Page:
Today is World Tuberculosis (TB) Day, a day to raise awareness about one of the world’s deadliest infectious diseases. It falls every year on 24th of March, the anniversary of the discovery of the bacterium that causes TB (Mycobacterium Tuberculosis) by Dr. Robert Koch in Germany in 1882, which opened the way towards a diagnosis and cure.
TB is one of the diseases that mothers2mothers (m2m) Mentor Mothers—1,900 women employed as frontline health workers across 10 African countries—always have on their radar when they meet with clients. That’s because Africa accounts for 25% of the global TB burden, with an estimated 2.5 million cases in 2019. Adding to the concern, HIV and TB are a lethal combination, and sub-Saharan Africa is home to the largest number of people living with HIV in the world. According to the World Health Organization, people living with HIV are 18 times more likely to develop active TB disease than people without HIV. Without proper treatment, nearly all people with TB who are living with HIV will die, compared to 45% of HIV-negative people with TB.
To find out how Mentor Mothers work to keep their clients safe and healthy from this life-threatening disease, we spoke with Gorrete Banda, a Mentor Mother Team Leader at the Kapata Health Centre in Zambia. For Gorrete, TB is a disease that she is all too familiar with.
Gorrete: I was newly married and had tested positive for HIV. I had all the TB symptoms—persistent coughing, chest pains, pain with breathing or coughing, unexplained weight loss, fatigue, fever, night sweats and chills. But it never crossed my mind that this could be TB. So I relied on self-medication which unfortunately never helped.
When I was training to become a Mentor Mother in 2021, the training session on TB was literally a lifesaver for me. As the trainer took us through the TB lesson, I was able to relate it to my experience. That gave me the knowledge and courage to seek TB treatment. Today, I am on my last line of treatment and I no longer feel the symptoms I had before commencing treatment. I look forward to being declared TB-free.
Q: What makes TB so dangerous to the clients you serve?
Gorrete: If they are living with HIV, their defense mechanism is quite weak which means if they are infected with TB they might transmit it to their loved ones and those around them, or even die if not properly treated.
Q: How aware are your clients about TB and the risks to those living with HIV?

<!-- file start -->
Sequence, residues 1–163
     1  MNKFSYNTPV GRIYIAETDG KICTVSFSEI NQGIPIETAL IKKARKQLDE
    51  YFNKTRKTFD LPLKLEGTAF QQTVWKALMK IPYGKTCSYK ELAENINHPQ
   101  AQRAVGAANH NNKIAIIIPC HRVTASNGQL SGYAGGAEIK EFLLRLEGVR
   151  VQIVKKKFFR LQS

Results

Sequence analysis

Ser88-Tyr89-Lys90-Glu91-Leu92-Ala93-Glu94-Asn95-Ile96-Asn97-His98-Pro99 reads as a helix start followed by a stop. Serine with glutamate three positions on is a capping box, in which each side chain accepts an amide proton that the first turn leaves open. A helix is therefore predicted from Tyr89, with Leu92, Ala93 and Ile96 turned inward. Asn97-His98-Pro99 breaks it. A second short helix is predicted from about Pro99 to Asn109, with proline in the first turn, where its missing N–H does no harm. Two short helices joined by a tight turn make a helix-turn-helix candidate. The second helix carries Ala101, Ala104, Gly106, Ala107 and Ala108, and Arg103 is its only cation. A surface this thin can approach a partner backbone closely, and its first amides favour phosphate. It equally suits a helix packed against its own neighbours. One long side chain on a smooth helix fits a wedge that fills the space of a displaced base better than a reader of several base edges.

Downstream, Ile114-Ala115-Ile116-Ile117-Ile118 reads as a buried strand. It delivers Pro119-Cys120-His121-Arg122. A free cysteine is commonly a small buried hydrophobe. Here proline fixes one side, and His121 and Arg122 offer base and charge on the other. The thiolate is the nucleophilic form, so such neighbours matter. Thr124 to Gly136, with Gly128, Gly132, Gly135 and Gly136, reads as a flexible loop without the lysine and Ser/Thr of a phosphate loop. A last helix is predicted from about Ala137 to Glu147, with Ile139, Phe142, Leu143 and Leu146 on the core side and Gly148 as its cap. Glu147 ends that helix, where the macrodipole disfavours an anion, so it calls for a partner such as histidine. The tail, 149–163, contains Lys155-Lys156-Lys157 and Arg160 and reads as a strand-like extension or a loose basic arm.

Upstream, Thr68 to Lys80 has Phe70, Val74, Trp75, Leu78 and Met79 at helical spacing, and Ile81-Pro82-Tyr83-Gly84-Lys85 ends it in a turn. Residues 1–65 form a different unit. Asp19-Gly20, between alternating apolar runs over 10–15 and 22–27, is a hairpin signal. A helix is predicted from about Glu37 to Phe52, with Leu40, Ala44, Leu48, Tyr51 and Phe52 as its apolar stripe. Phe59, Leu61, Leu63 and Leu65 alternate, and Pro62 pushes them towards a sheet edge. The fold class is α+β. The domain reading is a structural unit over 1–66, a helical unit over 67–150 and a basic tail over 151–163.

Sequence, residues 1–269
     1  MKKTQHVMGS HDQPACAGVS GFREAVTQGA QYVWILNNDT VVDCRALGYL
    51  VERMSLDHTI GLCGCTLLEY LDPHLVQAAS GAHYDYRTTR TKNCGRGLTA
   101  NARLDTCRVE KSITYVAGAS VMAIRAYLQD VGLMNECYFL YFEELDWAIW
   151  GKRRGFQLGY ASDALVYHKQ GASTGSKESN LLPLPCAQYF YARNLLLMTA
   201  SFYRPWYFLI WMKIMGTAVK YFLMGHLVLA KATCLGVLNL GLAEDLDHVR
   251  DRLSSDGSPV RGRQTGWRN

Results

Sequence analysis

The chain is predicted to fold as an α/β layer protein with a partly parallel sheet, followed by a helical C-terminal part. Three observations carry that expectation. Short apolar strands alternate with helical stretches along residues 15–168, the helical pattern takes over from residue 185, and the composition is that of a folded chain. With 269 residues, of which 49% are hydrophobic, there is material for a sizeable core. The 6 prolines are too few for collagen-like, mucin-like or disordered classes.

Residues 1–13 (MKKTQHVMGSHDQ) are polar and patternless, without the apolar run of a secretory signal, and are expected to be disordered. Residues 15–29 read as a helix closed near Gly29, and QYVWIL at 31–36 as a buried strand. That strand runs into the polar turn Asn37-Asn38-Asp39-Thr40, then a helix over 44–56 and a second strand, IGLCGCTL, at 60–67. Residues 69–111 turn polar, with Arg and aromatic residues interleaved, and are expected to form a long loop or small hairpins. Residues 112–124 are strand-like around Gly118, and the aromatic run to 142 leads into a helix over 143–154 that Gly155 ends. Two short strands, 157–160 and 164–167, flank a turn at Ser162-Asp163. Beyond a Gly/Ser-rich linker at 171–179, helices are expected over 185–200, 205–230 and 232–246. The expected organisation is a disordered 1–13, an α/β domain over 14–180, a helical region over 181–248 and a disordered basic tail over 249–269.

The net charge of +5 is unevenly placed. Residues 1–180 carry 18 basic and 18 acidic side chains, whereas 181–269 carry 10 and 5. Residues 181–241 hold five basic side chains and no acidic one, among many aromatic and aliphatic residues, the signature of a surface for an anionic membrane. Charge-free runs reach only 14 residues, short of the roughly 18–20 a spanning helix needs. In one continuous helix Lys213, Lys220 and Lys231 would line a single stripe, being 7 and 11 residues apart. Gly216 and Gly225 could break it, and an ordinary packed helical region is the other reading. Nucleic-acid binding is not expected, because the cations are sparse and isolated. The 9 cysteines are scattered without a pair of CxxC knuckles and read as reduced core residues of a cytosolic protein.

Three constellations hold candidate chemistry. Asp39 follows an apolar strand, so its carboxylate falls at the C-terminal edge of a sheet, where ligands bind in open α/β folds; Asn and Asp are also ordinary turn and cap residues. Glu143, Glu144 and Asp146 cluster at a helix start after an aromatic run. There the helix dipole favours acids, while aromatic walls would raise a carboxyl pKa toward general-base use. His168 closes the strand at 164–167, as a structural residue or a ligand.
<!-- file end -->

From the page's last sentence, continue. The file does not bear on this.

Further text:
Gorrete: As a Mentor Mother, it is my responsibility to ensure that each time I come in contact with any of my clients I educate them on TB, the dangers that come with TB, how it can be prevented, and how to cure it. I always screen my clients for TB by asking them if they have lost some weight over the past month, lost their appetite, are having night sweats, and if they have a persistent cough. If they show signs of TB, I educate them on TB and then refer them for a TB test
Q: What advice do you give your clients about TB?
Gorrete: I start by telling them that TB is an airborne disease. You can contract the disease if you are in congested places where there is little or no ventilation. That’s why it is important to always mask up when in public and in congested places, and to always have good ventilation in enclosed areas or buildings. And if you are found positive for TB, you should start treatment to prevent it from spreading to those around you. The treatment lasts six months and, if you adhere to the treatment, it is curable
Q: What kind of support do your clients need from you?
Gorrete: My clients need emotional support because it is not easy being HIV-positive. I talk with them often to keep reminding them of the importance of good adherence, good nutrition, good hygiene, and also remind them about the transmission and treatment of TB and how it can be prevented.
Q: What inspires you and keeps you going with regard to your clients and TB?
Gorrete: Being a Mentor Mother who has experienced the same situations as clients, it really inspires me to be able to comfort and encourage others through their challenging times. In regards to TB, I wouldn’t want any client to have TB because I know how painful it is. I use my experience to inspire others. I’ll always be sensitive about TB.
I’m grateful to m2m for the training as well as the job of a Mentor Mother. This job not only gave me life-saving information about TB that helped me get healthy, it has also given me much needed financial freedom and equipped me with tools to help young mothers going through different challenges to live positively.